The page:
MEMORABLE PERFORMANCES – PT2

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Michael Caine as Peachy Carnehan in The Man Who Would Be King (1975)

and Sean Connery as Daniel Dravot

Michael Caine and Sean Connery were the fifth intended pairing for Rudyard Kipling’s terrific The Man Who Would be King to be transferred to the screen. In the fifties it was to be Clark Gable and Humphrey Bogart; then as a vehicle for Burt Lancaster and Kirk Douglas; then for Richard Burton and Peter O’Toole. When it was offered to Paul Newman and Robert Redford, Paul suggested Connery as Daniel Dravot and Caine as Peachy Carnehan. The world’s movie audiences reaped the benefit. Both men are wonderful and display a real flair for comedy. Interestingly, although it is set in India and Afghanistan, no part of this picture was filmed in Asia.

Peachy Carnehan: ‘Danny’s only a man. But he can break wind at both ends simultaneous – which is more, I reckon, than any God can do.’

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Tom Berenger as Sgt Barnes in Platoon (1986)

Oliver Stone’s Platoon (1986) is based on his own experiences as an Army combat infantryman during the Vietnam War. He cleverly and deliberately cast Tom Berenger (Sgt Barnes) and Willem Dafoe (Sgt Elias) against type. Until this picture Berenger had played good guys and Dafoe villains, but the switch proved to be masterly with both actors being Oscar-nominated. Berenger was especially unlucky not to take home the statuette. His life-like scar took three hours of make-up work to apply each day of shooting.

Sgt Barnes: ‘The next son of a bitch I catch copping ‘Z’s in the bush, I’m personally gonna take an interest in seeing him suffer. I shit you not. Doc, tag him and bag him.’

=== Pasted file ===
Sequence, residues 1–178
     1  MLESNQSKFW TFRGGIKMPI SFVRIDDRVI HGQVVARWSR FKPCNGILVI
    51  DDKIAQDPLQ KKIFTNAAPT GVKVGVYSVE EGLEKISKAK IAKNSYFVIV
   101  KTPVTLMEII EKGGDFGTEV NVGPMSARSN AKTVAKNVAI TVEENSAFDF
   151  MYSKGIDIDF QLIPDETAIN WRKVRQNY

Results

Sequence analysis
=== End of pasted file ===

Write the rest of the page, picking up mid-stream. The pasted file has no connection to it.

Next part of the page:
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Whoopi Goldberg as Oda Mae Brown in Ghost (1990)         

No doubt, Whoopi Goldberg thanked Patrick Swayze for the role of Oda Mae Brown in Ghost (1990). The part was not originally written with a black woman in mind. Swayze, however, was a huge fan of Whoopi’s work and used his clout to get her the part that resulted in her one and only Academy Award. And she thoroughly deserved it, too. In fact, she became the first ever actress to win a Best Supporting Actress Oscar, a BAFTA Supporting Actress Award and a Golden Globe Supporting Actress for the same role. One of the lines in the song, ‘I’m Henry the 8th, I am’, that Swayze’s character Sam Wheat repeatedly sings to get Oda to help him, contains the lyrics, ‘She wouldn’t have a Willie or a Sam’. Coincidentally, Willie is the name of the character who murders Sam in the movie. Another coincidence, a sad one, is that Swayze and Vincent Schiavelli (he played the subway ghost) both died from cancer at the age of 57.

Oda Mae Brown: ‘I know you don’t think I’m giving this four million dollars to a bunch of nuns!’

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Jessica Alba as Selima in The Sleeping Dictionary (2003)